It sounds like this is going on in the Catholic Church. But it would amount to mere propaganda, right?
No! The evidence is too strong, and too varied.
But you yourself said that you couldn’t even give me a single quotation from this document that proves that he is teaching falsehood.
I don’t have to. It’s what he does!
Don’t the theological liberals (or dissidents) try to change and redefine doctrines all the time: things always held that they no longer believe? We know about that in Protestantism, too!
Yes they do.
And so you have decided that Pope Francis is such a liberal?
But not based on anything he has actually taught? How is that not merely a subjective argument from silence: not to mention a form of conspiratorialism?
It’s not just laypeople like me and Raymond Arroyo. Four bishops protested and asked him questions that he hasn’t answered.
How many bishops are there altogether?
I think maybe 3,000? [the actual number is 5,100]
3,000, and only four have questioned the pope directly? That’s a miniscule number . . . why would that impress you? If things were so dire, wouldn’t the bishops speak up en masse?
Well . . . [stumbles around for a cogent reply, but can’t come up with one].
Again, I’m struck by the irony. I’m the Protestant, who is looking and longing for strong authority. You have that in the Catholic Church, yet you say that so many people are questioning Pope Francis’ authority, and some believe he is even a heretic: and has asserted non-traditional falsehood in one of his official documents: which is close — at least in spirit — to defectibility (if not technically so)!
From this (your) perspective, why would you say I should become a Catholic? It seems to me that if I were in your shoes, I’d be even more confused and unsure than I am now!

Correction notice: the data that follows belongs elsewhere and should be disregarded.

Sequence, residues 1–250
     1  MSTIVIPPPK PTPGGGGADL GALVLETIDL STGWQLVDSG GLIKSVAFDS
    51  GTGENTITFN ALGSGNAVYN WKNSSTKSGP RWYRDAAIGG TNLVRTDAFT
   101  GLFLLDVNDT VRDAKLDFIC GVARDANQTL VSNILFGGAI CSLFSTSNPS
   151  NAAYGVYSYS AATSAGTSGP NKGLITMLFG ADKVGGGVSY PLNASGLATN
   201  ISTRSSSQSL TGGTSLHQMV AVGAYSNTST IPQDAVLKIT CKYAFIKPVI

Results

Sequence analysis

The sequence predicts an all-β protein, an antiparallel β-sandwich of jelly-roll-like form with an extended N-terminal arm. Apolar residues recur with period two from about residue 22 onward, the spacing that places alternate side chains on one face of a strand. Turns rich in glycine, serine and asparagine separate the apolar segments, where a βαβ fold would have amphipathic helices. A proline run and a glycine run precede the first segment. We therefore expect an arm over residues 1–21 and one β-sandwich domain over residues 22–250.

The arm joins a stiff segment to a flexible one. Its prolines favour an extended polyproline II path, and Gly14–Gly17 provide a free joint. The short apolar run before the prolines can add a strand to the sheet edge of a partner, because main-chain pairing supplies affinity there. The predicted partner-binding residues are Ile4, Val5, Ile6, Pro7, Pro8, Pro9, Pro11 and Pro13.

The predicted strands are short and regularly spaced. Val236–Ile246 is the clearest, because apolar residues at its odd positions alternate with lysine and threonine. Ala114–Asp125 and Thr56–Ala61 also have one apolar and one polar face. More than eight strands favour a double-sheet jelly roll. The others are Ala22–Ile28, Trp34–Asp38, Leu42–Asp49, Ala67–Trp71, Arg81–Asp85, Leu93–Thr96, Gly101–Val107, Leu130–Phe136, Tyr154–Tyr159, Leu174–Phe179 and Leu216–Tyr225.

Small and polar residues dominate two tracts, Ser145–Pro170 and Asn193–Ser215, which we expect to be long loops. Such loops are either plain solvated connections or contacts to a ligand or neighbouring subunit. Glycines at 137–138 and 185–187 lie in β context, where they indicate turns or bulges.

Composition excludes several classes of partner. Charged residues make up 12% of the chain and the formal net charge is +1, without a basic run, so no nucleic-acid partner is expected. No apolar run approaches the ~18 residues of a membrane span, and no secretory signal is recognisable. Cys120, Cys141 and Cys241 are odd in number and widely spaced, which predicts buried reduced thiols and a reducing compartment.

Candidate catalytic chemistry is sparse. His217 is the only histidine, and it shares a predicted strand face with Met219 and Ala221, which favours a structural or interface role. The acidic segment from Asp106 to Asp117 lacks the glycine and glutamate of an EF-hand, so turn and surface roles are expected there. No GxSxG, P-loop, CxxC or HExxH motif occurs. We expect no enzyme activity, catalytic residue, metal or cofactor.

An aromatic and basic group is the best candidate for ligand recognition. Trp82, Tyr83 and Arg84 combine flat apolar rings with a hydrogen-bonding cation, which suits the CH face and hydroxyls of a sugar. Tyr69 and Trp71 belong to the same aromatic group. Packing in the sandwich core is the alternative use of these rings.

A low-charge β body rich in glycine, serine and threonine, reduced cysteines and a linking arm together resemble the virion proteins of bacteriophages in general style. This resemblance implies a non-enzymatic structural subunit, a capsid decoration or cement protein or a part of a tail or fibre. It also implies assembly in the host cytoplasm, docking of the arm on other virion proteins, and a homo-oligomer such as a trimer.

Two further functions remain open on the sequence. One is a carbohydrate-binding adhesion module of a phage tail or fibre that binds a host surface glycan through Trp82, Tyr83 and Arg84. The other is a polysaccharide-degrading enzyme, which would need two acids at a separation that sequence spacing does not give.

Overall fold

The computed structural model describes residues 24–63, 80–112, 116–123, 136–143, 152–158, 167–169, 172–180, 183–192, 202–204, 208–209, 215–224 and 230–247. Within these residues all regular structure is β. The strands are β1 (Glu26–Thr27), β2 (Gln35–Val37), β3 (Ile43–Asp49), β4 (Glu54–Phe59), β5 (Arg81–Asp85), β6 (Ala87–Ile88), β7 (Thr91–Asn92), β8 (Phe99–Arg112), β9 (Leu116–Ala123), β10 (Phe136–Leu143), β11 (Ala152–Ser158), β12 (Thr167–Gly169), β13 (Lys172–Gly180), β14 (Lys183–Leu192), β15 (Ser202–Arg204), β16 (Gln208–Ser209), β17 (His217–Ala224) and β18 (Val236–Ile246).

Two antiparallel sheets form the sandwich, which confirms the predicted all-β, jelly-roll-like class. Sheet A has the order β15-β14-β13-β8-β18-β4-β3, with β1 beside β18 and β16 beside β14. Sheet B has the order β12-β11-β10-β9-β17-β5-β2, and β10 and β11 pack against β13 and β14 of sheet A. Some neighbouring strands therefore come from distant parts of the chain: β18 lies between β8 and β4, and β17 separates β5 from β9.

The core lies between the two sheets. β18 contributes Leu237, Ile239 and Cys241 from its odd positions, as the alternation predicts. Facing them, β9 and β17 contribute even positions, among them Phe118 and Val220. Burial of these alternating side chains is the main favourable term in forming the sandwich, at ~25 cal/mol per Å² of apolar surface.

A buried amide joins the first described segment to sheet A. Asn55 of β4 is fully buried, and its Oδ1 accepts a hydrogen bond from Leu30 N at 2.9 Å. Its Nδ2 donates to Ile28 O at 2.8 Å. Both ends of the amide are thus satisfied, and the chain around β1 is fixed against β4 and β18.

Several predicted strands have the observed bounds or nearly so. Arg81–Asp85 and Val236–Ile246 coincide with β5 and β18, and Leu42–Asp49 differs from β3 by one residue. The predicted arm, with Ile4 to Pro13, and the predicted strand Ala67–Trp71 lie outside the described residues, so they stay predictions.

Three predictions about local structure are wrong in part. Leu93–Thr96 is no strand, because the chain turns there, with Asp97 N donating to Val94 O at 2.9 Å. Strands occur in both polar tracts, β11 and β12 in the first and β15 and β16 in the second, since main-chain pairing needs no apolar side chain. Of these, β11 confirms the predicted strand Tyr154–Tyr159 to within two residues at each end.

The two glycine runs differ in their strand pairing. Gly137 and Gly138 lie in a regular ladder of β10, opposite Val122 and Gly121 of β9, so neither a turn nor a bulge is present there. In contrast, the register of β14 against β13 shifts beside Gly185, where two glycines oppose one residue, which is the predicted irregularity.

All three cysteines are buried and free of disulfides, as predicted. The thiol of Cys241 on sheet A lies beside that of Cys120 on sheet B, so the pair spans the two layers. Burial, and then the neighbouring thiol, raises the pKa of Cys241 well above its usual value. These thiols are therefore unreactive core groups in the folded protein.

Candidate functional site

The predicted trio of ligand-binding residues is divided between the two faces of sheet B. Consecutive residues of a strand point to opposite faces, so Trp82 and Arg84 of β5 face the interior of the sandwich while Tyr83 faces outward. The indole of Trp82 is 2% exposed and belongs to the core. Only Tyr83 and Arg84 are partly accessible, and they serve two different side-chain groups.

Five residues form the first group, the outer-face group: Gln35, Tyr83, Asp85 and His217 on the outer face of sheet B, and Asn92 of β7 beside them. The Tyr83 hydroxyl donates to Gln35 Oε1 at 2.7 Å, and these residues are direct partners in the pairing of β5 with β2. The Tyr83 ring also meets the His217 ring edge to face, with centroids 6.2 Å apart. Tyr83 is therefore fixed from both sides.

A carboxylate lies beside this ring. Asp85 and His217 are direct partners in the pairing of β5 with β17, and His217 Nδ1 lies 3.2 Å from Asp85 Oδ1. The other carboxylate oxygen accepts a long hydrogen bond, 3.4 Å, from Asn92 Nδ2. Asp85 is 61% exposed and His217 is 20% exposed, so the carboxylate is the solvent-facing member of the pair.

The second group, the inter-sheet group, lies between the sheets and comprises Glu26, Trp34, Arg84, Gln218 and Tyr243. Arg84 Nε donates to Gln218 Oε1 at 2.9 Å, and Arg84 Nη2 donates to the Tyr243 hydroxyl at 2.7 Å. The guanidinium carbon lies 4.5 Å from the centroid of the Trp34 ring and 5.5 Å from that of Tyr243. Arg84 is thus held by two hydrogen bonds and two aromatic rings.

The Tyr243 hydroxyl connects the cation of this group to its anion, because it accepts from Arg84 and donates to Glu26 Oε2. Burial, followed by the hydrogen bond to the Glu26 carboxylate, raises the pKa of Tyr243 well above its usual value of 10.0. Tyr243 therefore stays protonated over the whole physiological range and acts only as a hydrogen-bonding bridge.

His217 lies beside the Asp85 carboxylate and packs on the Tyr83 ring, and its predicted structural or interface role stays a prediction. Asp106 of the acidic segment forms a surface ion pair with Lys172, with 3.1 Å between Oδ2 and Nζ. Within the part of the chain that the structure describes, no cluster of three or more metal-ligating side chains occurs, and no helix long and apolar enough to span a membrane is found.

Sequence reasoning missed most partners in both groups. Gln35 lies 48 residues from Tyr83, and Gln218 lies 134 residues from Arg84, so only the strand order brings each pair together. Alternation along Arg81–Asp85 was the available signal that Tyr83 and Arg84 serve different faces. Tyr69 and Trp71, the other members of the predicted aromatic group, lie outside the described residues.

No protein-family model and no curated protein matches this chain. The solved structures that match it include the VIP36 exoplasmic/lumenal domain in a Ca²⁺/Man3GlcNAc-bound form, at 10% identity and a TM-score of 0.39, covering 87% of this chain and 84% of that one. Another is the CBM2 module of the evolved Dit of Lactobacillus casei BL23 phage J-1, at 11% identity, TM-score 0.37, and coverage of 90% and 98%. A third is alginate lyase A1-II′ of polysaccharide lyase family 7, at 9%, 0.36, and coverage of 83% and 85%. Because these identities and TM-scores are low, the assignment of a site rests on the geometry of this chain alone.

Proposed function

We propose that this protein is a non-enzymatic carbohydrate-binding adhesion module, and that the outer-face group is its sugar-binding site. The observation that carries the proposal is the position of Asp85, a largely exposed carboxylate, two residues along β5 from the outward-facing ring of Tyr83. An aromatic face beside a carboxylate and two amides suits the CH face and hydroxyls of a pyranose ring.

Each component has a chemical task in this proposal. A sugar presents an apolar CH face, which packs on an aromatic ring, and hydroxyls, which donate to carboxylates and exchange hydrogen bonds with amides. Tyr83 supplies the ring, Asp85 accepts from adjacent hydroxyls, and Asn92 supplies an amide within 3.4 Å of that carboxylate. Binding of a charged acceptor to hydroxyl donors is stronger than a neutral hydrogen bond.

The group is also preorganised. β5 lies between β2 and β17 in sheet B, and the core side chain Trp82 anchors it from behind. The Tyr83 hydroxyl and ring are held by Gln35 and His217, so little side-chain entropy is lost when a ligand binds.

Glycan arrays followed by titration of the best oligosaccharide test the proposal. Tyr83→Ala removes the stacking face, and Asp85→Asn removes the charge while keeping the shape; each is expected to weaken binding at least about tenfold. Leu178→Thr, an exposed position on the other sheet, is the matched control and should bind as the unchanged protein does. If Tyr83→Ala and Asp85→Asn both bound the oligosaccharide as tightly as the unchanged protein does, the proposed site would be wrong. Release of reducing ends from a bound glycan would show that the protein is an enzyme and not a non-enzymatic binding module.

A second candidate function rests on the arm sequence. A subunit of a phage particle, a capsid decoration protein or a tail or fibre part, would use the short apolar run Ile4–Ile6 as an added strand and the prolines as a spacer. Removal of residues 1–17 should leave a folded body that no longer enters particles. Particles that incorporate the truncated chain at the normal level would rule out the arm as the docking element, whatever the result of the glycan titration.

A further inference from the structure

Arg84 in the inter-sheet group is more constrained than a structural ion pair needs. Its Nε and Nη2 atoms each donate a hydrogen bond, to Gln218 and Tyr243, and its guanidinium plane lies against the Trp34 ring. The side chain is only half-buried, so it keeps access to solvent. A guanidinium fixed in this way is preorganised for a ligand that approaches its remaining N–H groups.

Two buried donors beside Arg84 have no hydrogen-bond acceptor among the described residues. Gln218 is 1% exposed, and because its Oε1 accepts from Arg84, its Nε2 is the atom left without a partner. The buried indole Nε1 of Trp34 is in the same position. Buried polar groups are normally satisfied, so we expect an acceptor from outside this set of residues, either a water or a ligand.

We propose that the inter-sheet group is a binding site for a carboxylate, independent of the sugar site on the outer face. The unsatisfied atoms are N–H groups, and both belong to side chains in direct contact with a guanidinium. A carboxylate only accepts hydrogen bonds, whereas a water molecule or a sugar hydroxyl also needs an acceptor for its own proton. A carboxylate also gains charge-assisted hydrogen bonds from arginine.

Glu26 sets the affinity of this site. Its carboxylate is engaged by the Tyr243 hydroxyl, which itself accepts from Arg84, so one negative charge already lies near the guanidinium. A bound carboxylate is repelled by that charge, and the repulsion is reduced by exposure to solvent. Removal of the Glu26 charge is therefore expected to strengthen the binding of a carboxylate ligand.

Maybe you shouldn’t.
I shouldn’t?! But at the beginning of our conversation you thought it was “wonderful” that I was considering conversion to the Catholic faith. I’m beginning to believe more and more that the Catholic Church is the fullness of the faith, and you seem to believe that less and less. But if you can’t even trust the pope, then it seems to me that you need to seriously ponder the implications of your opinions.
Maybe so. I don’t feel very joyous or at peace as a Catholic.
You should! You have such treasures in the Catholic Church (like the pearl of great price). You don’t know how blessed you are. In fact, in dialoguing with you, I have virtually convinced myself that I need to become a Catholic. I shall talk to Father about it at the earliest opportunity.
[increasingly agitated and animated] And maybe I should become a Protestant or “do a Rod Dreher” and become Orthodox. That way I won’t have to deal with this pope whom I despise, and all the nonsense going on now. I’m sick and tired of it. When all else fails: there is always Anglicanism.
[the Protestant stares at him for a very long moment with a look and thoughts of equal parts befuddlement and compassionate pity. He realizes he is late meeting someone and must leave, and walks off dazed and utterly astonished at what he has heard. Yet, oddly enough, he is more convinced than ever that the Catholic Church is the fullness of faith, and that God is leading Him to it. He knows enough to know (having read Galatians and 1 and 2 Corinthians) that individual Catholics and their level of faith and consistency (or lack thereof) do not determine the truth or falsity of ecclesiological claims.]